View more photos in Timothy Norris' "Snoop Dogg, DJ Quick @ Club Nokia" slideshow.
Jay-z once said, "Rap is a young man's game... you gotta have a plan for when it's over." Nice words, Hova, but for quintessential West Coast rapper Snoop Dogg the game goes on. At D-O-double-G's performance at the Club Nokia, the prototypical West Coast rapper dropped his classic cuts, old school covers, and hosted a cameo cavalcade that wasn't just a rap show: it was Snoop Dogg's Variety Hour.
There was the Tupac tribute, the choreographed dancers dropping it like it was hot, and throwback collaborations featuring Lady of Rage, Xxibit, and hip hop pioneer Too $hort. Snoop wielded his greatest hits, "Gin and Juice," "Nuthin' but a 'G' Thang," "Who Am I (Whats My Name)," and some new tracks from his upcoming release, "Malice in Wonderland." The crowd exploded for the classics, rapping along as if everyone had pocketfuls of rubbers.
But make no mistake, this isn't the Snoop of the Doggystyle era.
The vision of Snoop wielding a gun with a pit bull and six-four Impalas is over. Slithering on stage in front of a live band--wearing a kaftan or extra-long dashiki [Ed.'s note: looks like an adult-onesie to us], sunglasses, and brandishing a blinged out mic-- this is Snoop version 2.0, the one he reinvented for the new millennium.
When compared to the aggro-rap stage styles of his 90's contemporaries, its clear why Snoop rose to the top. When Lady of Rage digs into "Afro Puffs," or Xzibit barks on "Bitch Please," Snoop's laid-back flow seems that much more smooth. Even though he rapped about thug life, his behind-the-beat, lazy delivery made the most gangsta of raps palatable to the masses.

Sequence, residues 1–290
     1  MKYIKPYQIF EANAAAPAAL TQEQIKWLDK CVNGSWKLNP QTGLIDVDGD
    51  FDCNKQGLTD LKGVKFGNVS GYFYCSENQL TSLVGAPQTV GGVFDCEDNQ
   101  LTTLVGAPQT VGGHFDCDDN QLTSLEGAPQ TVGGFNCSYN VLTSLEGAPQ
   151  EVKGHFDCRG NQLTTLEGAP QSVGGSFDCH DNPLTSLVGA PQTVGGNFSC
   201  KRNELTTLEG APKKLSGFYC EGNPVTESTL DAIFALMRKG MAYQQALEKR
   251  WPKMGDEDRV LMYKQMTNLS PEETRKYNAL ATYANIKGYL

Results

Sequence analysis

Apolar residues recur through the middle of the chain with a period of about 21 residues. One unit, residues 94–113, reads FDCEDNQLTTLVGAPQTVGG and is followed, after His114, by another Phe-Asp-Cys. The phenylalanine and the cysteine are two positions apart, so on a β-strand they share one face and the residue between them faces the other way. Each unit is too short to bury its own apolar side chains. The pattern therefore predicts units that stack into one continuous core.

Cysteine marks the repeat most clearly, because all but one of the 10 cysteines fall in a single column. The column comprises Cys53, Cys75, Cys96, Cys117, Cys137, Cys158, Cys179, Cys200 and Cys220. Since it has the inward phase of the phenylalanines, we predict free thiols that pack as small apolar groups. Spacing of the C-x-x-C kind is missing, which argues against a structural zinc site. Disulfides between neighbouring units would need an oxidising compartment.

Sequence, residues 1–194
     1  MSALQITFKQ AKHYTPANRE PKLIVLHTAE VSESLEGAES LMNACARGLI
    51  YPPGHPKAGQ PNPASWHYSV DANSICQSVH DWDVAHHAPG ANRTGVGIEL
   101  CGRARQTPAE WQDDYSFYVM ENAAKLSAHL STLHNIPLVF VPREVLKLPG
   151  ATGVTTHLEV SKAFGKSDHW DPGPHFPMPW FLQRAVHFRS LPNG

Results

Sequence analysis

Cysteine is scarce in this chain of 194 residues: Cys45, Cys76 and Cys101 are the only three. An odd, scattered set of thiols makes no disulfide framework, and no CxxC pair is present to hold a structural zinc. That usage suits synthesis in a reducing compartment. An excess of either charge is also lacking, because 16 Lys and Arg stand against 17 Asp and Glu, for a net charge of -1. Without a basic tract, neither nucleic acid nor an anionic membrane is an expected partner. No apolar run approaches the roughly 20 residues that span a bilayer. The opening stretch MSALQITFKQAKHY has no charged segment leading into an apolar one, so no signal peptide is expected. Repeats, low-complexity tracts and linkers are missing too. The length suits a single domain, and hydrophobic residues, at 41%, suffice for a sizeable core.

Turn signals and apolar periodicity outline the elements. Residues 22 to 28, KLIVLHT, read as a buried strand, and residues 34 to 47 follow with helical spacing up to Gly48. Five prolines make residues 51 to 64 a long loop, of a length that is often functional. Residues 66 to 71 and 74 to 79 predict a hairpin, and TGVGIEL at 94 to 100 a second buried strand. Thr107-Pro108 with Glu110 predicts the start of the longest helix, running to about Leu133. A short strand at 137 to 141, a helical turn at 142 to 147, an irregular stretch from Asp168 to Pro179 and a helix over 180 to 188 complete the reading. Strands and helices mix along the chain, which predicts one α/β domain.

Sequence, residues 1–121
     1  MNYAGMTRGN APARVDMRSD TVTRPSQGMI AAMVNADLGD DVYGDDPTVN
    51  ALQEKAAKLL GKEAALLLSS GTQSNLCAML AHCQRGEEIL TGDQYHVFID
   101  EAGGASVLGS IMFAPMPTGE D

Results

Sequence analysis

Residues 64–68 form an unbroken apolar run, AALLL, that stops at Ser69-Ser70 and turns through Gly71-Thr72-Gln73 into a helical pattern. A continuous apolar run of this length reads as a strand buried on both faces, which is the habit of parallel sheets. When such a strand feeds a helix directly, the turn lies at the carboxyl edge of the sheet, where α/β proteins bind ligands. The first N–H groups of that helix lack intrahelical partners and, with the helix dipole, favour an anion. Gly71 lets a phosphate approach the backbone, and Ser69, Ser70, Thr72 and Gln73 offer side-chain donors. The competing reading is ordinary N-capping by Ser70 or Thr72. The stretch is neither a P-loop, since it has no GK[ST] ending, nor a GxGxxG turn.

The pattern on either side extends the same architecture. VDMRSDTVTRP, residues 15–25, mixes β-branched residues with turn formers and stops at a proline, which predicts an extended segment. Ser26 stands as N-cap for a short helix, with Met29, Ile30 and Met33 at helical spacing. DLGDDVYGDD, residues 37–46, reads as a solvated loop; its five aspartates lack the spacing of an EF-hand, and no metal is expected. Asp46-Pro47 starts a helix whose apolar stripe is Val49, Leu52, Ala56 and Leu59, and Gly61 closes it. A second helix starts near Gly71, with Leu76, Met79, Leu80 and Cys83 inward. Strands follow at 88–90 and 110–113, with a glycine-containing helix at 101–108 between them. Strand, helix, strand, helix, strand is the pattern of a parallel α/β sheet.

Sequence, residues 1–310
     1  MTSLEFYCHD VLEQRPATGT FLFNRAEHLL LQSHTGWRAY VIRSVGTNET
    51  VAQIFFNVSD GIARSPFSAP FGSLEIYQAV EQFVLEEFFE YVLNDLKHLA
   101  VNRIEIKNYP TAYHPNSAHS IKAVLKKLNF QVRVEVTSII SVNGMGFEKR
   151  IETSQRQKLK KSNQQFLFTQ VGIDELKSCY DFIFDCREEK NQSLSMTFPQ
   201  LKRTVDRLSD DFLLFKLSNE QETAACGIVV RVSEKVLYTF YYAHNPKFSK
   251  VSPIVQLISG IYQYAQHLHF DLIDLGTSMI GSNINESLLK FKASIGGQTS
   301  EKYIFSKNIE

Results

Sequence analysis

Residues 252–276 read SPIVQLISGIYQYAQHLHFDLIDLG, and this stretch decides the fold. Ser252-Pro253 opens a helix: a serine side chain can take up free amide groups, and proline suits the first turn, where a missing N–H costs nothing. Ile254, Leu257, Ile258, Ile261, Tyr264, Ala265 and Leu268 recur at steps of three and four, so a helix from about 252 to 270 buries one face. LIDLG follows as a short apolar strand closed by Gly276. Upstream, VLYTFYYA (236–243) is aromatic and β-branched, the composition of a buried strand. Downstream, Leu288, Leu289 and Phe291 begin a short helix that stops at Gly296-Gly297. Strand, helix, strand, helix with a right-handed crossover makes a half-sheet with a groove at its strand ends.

Now, rapping seems like such a small part of Corporation Snoop. His identity was solidified in the early nineties, then reinvented in the early 2000s as a spaced-out, baby-talking relative of Bootsy Collins. Snoop owes much to P-Funk--especially his most popular hits--but on the packed stage of Club Nokia, it's apparent that he may be turning into Funkadelic.
And somewhere along the line, he got a little weird.
Like many rappers pushing 40, Snoop is a caricature of himself. His appearances on talk shows, soap operas, movies, and video games, either portray the guy he was 16 years ago or the stoner millionaire that he is today. Like Ozzy Osbourne, who once was feared and is now a sad clown, Snoop's identity has suffered from media saturation and extreme access.
Snoop has said that his reality show, Snoop Dogg's Father Hood, was an attempt to show his ordinary side: his kids, his wife, his life off the road. But, though clearly staged for TV, increasing exposure takes away from the mystery. It's hard to effuse gangsta bravado onstage at Club Nokia, when everyone's seen Snoop Dogg's suburban mansion.
"This isn't how Biggie, or Tupac, or Easy E would be if they were around today," audience member, Rene "Chips" Rosas explained. "But I love Snoop anyway."
Unlike many rappers, however, Snoop seems really comfortable with his persona. His new material is basically pop music created by hot producers, where he chimes in on a verse or two. Still, there are few better rap albums than Doggystyle, and Snoop himself might well be a national treasure. Regardless of how Snoop decides to reinvent himself for the next 17 (or 37) years of his career, one thing is certain: there's no stopping the Snoop.
[More pictures of fans. L.L. Cool Snoop, apparently.]
If you like this story, consider signing up for our email newsletters.
SHOW ME HOW
You have successfully signed up for your selected newsletter(s) - please keep an eye on your mailbox, we're movin' in!